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Supreme Court: Miami school can ban book on Cuba

The Supreme Court Monday declined to hear a challenge to a Miami school board decision that removed a book about Cuba from public schools. The book was seen as presenting too cheery a view of life in Cuba.

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Critics of the book said it presented a distorted view of Cuba by suggesting the lives of children there are no different from those in the US. A more accurate portrayal would include the hardships of life in Cuba, they said.

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Those against a ban of "Vamos a Cuba" stressed that other books could be included on library shelves to offer a more rounded view of Cuba. They said removing and banning the book was censorship.

The school district responded to the controversy by assembling two boards to review the complaint. The boards voted 7 to 1 and then 15 to 1 to keep the books in school libraries.

The Miami-Dade School Board then took up the issue and voted 6 to 1 to replace the book. The board majority said the book was inaccurate and contained several omissions about life in Cuba under Fidel Castro.

Correcting inaccuracy or censoring books?

In its ruling, the appeals court embraced this view. Supposing the book series included one on North Korea, wrote Judge Ed Carnes in his decision. "Suppose the book stated: 'People in North Korea eat, work, and go to school like you do.' We probably could all agree that statement is factually inaccurate."

"Would a school board be prohibited from removing the book on the ground that doing so would constitute viewpoint discrimination?," Judge Carnes asked. "Or because it promotes political orthodoxy to remove a book that makes a despised regime look better than the truth would? Would a school board's decision to remove that book from the shelves of its libraries amount to book banning? Would removing it be unconstitutional?"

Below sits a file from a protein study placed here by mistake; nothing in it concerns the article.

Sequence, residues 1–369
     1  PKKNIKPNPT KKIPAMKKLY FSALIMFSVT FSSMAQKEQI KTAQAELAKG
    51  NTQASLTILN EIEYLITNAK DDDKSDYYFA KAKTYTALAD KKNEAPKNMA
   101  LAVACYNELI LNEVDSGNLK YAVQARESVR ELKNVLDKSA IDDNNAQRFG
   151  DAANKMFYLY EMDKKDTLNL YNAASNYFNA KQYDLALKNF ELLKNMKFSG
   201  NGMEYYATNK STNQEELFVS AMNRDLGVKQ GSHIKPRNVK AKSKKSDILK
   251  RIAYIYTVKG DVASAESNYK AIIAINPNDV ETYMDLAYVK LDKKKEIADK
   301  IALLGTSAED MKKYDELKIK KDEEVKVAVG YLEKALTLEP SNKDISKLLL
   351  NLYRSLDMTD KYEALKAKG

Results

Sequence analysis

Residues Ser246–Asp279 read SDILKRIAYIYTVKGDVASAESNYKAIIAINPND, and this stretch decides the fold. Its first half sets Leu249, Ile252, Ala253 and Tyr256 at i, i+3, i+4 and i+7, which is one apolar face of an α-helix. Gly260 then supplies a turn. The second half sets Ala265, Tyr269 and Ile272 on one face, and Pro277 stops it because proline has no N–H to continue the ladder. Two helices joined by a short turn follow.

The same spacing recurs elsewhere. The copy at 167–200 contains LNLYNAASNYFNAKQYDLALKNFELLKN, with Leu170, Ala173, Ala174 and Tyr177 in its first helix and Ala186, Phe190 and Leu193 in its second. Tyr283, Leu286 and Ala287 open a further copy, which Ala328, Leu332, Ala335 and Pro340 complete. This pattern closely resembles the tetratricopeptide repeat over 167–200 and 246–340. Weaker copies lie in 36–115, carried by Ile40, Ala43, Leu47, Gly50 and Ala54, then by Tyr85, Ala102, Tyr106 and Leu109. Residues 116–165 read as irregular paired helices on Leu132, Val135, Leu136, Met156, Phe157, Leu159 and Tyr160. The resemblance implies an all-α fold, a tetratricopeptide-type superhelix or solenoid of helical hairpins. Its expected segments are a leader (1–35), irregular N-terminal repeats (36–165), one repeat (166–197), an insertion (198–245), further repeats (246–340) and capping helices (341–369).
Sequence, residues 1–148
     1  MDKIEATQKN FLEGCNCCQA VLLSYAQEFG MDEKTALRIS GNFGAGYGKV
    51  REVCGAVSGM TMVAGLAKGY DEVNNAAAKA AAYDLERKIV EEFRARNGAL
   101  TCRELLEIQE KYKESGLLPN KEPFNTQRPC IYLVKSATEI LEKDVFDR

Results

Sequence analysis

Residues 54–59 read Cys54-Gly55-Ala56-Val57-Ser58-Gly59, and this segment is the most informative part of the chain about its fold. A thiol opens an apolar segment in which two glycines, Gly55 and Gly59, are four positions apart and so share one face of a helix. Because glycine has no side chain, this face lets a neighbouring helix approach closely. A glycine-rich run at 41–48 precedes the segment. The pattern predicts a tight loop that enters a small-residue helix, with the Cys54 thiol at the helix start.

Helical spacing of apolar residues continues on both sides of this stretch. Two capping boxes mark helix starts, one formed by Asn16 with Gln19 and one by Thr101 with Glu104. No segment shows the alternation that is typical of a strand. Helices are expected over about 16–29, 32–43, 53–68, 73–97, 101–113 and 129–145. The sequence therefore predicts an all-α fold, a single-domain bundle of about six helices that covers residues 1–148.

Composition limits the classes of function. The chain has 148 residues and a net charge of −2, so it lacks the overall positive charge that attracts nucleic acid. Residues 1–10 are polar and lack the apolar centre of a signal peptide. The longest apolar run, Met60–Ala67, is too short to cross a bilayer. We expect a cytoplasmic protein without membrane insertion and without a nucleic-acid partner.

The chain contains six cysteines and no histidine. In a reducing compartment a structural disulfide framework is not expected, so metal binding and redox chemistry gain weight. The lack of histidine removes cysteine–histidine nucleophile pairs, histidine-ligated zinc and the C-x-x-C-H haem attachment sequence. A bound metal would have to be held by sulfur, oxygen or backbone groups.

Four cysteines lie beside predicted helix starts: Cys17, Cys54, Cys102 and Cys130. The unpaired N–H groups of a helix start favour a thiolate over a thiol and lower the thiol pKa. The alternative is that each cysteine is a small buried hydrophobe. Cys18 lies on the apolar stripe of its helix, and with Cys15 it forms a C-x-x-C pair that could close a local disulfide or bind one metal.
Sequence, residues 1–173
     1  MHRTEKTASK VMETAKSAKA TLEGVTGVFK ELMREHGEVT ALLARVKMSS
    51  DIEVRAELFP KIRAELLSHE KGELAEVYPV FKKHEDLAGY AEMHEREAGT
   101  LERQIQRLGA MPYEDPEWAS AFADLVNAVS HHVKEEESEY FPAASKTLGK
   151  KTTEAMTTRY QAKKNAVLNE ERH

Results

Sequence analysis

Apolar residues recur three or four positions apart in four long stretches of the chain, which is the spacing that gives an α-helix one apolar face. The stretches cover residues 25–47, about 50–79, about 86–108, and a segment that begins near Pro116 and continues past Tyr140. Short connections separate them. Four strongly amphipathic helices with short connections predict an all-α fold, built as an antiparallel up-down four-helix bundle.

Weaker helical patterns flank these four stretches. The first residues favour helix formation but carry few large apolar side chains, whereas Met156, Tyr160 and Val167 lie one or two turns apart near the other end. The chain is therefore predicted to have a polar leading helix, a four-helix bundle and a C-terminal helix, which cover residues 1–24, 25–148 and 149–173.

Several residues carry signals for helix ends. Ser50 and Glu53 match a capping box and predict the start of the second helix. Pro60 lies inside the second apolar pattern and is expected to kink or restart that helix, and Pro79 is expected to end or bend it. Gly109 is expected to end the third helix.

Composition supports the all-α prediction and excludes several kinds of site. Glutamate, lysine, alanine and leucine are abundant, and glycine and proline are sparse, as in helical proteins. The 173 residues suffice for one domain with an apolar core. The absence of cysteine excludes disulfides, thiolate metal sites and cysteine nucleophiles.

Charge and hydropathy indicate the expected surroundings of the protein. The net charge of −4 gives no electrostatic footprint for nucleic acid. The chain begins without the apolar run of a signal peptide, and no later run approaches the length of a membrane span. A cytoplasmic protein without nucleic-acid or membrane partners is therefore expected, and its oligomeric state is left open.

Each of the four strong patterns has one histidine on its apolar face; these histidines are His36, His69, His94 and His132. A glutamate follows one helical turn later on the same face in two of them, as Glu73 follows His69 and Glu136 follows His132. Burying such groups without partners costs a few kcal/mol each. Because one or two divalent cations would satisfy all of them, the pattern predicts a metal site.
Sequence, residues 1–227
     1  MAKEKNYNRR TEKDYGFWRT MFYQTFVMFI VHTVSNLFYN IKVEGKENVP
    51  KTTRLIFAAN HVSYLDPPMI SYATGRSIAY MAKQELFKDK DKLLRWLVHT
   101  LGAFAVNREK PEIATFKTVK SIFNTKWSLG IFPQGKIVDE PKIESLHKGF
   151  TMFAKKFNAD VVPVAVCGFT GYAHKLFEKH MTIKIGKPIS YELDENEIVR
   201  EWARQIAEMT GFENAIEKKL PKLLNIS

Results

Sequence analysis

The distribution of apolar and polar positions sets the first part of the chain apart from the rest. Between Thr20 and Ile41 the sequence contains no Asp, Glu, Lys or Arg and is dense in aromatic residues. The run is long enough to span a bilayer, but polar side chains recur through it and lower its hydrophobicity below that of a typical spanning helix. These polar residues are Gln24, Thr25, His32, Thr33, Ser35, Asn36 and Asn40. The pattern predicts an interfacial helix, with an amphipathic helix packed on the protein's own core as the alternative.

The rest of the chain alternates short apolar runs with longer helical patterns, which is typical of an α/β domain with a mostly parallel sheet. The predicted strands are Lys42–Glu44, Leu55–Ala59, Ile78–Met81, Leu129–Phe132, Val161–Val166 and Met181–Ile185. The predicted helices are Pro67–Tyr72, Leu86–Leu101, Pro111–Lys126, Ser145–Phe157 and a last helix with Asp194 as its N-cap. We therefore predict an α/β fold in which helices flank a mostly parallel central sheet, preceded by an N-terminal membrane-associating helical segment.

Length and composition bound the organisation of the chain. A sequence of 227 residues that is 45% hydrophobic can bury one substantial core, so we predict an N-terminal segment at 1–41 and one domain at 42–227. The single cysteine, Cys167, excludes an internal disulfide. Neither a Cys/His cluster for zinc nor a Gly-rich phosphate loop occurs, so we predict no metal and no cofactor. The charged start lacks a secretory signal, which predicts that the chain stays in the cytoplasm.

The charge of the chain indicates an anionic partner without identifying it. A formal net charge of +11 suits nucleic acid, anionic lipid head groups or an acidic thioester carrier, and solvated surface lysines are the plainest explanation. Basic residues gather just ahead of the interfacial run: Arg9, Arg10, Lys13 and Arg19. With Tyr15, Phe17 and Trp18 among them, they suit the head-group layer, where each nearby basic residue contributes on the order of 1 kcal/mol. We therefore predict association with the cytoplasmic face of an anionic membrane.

The dissenting judge on the appeals panel answered those questions with a yes. The correct response, he said, was to make more books on Cuba available to students, not fewer.

Carnes argued that "Vamos a Cuba" is not content-neutral. Statements in a nonfiction book that "whitewash the problems of a country and make the life of its people appear to be better than it is are not content neutral any more than overt propaganda would be," he wrote.

Once it is established that the book presents a false picture, Carnes said, the argument that the school board acted as ideological censors "collapses on itself."

The ACLU disagrees. "The Miami-Dade School Board violated the right of school children to have access to the marketplace of ideas in their school libraries," said Howard Simon, executive director of the ACLU of Florida. "These books were removed under the guise of 'inaccuracies,' but the real reason they were removed was because the books ran afoul of the political orthodoxy of a majority of the school board members."

He added, "If that is to become the new standard for censoring books from public library shelves, the ACLU may be immersed in censorship battles for years to come."


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